Canon EOS R3 update makes it the fastest camera ever - but don't miss the bigger picture

The front of the Canon EOS R3 camera
(Image credit: Canon)

The Canon EOS R3 was already a ludicrously capable sports camera, but a major new firmware update has taken its burst-shooting speeds to records heights for a consumer mirrorless model.

The EOS R3's new firmware version v1.2.0, which you can download now from Canon's official website, brings several new features. But the most notable is the ability to set a 'custom high-speed continuous' Drive mode that makes it possible to shoot up to 50 images (in JPEG or raw) at an incredible 195fps.

As always with maximum burst rates, there are a few caveats – including the fact that this speed will only be possible with certain lenses and in certain conditions. The auto-exposure and autofocus will also be locked in this mode, which means you won't get a hit with every frame.

But the ability to shoot at 195fps, if only for a fraction of a second, means the Canon EOS R3 sets a new speed record for consumer mirrorless cameras. Its main rival, the Nikon Z9, can shoot at a maximum 120fps, but only in a cropped 11MP mode. 

Still, there are likely only a handful of situations – like capturing the precise moment a baseball bat strikes a ball – that could justify such as fast burst mode, and some of the other improvements delivered by firmware version v1.2.0 are arguably more useful.

These include a handy new 240fps slow-mo mode when shooting Full HD video. The Canon EOS R3 is also now compatible with Canon's Cloud Raw processing tech, which is part of the paid Canon Imaging App Service Plan ($4.99 / £5.99 / AU$7.69 per month). 

This service lets you process raw files in the cloud (in a similar way to in-camera raw processing) to reduce image noise without losing detail, though curiously it only lets you do this for 80 images per month. With other upgrades including an improved electronic image stabilization for movies, and in-camera 'depth compositing' (to help remove the joins between stacked images), it's a firmware update that all lucky Canon EOS R3 will want to download soon.

Analysis: It's all in the burst rate small print

A graphic showing the Canon EOS R3 taking a burst of photos

(Image credit: Canon)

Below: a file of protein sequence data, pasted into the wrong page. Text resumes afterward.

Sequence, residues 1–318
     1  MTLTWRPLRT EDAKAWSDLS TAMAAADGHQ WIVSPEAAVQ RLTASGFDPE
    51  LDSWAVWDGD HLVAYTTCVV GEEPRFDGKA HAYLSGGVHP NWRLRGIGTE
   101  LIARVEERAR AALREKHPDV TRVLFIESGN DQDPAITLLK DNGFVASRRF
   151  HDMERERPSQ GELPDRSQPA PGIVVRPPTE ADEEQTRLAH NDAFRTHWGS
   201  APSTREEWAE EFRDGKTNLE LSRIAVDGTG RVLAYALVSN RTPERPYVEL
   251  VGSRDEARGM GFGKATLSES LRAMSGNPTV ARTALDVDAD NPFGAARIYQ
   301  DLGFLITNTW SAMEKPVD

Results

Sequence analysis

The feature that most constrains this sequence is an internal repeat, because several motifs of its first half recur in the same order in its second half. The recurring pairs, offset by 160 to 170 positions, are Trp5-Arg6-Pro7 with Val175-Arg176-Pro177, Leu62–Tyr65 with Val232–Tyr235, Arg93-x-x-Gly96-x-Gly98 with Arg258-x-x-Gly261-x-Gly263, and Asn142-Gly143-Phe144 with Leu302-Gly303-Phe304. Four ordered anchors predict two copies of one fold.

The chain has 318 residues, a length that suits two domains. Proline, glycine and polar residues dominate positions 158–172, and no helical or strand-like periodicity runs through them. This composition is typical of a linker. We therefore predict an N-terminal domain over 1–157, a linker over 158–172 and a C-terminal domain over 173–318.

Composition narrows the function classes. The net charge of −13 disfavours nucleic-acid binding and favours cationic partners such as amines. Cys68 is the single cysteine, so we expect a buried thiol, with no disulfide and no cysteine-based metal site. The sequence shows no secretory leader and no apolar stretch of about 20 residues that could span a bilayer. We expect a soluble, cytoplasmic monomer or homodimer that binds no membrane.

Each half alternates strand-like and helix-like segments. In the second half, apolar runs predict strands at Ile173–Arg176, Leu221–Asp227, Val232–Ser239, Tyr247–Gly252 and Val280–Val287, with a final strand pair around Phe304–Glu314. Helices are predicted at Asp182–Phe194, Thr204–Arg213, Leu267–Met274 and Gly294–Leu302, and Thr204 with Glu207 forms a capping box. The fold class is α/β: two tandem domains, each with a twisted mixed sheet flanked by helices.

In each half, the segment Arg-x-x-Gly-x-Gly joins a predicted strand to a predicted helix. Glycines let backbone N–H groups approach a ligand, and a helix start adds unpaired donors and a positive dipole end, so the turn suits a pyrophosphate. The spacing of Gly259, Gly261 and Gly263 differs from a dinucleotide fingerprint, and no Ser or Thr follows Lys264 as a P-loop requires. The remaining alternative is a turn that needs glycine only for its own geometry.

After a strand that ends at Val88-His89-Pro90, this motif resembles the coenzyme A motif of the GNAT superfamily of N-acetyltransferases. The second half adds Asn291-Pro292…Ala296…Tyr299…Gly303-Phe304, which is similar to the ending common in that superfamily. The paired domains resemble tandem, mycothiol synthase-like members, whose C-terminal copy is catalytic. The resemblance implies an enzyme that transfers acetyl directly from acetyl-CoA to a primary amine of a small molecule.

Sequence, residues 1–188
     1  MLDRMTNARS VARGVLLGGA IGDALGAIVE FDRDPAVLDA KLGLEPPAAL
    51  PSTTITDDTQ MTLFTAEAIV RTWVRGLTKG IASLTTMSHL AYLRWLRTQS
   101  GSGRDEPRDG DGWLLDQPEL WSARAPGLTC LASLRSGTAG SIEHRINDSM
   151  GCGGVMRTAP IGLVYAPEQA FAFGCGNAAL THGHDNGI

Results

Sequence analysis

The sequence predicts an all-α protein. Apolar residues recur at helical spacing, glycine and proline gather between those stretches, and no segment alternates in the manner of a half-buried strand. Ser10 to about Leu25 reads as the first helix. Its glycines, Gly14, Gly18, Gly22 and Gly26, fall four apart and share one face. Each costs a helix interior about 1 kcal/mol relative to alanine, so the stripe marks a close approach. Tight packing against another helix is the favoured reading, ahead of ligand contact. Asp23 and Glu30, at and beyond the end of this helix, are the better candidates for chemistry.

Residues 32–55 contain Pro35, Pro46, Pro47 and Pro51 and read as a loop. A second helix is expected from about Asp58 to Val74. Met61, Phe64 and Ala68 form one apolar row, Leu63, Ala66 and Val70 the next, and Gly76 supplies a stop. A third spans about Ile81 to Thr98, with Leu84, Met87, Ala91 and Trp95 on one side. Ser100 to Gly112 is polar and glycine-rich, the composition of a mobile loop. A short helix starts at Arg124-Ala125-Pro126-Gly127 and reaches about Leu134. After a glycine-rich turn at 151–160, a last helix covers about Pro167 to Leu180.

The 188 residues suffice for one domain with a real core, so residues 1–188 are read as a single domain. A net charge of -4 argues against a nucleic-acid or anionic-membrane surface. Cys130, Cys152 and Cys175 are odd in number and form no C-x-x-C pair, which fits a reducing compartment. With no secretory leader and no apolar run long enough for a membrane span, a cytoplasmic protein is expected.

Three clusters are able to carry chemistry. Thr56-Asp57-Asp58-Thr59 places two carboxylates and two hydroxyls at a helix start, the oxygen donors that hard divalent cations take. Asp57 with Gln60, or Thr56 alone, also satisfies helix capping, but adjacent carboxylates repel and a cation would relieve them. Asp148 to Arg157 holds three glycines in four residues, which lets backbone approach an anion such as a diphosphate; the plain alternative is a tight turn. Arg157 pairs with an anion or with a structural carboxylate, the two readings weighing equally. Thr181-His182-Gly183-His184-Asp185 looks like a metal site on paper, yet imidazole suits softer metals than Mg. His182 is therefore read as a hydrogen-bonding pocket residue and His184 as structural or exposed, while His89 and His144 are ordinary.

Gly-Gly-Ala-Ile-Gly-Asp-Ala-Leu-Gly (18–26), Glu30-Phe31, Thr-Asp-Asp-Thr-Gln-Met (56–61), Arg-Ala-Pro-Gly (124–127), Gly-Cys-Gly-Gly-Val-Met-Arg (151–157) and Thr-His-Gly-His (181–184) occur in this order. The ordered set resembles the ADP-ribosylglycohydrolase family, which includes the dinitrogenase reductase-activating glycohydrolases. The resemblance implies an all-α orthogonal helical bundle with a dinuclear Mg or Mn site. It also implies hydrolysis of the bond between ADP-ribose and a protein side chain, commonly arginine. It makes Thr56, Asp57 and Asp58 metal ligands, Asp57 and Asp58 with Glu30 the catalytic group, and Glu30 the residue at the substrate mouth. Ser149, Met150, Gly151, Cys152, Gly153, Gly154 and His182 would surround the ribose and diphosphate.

Camera burst rates, otherwise known as their continuous shooting speeds, are an important spec for those who like to shoot action and wildlife. But they also only tell part of the story, and often come with important caveats.

Other factors that have a huge bearing on how useful a maximum burst rate is include whether the camera can simultaneously adjust autofocus and autoexposure with each frame, and how big its burst depth is. The burst depth tells you how long a burst rate can be maintained for – and in the case of the Canon EOS R3's new 195fps mode, that's only around a quarter of a second.

That may well be enough to snag a really precise moment, but you'll likely end up with 50 near-identical frames. In reality, the Canon EOS R3's less attention-grabbing burst modes will prove far more useful – for example, its 30fps mode includes both autoexposure and autofocus, and will keep going for 540 JPEGs or 150 raw files. That's a far more useful 18 seconds of JPEGs, or five seconds of raw shots.

As is the case with the Canon EOS R3's new 195fps mode, the other common bits of burst-rate small print are that the top figure will only be possible with certain cards (in this case, a CFexpress card) and with particular lenses, shutter speeds and lighting conditions. 

Still, the impressive shooting speeds possible on Canon's top mirrorless camera, which prompted us to call it "one of the best sports and wildlife cameras ever made" in our Canon EOS R3 review, are a great technical achievement. And the good news is that this tech is starting to filter down to cameras that most of us can afford, like the Canon EOS R7 and Canon EOS R10.

Mark Wilson
Senior news editor

Mark is TechRadar's Senior news editor. Having worked in tech journalism for a ludicrous 17 years, Mark is now attempting to break the world record for the number of camera bags hoarded by one person. He was previously Cameras Editor at both TechRadar and Trusted Reviews, Acting editor on, as well as Features editor and Reviews editor on Stuff magazine. As a freelancer, he's contributed to titles including The Sunday Times, FourFourTwo and Arena. And in a former life, he also won The Daily Telegraph's Young Sportswriter of the Year. But that was before he discovered the strange joys of getting up at 4am for a photo shoot in London's Square Mile.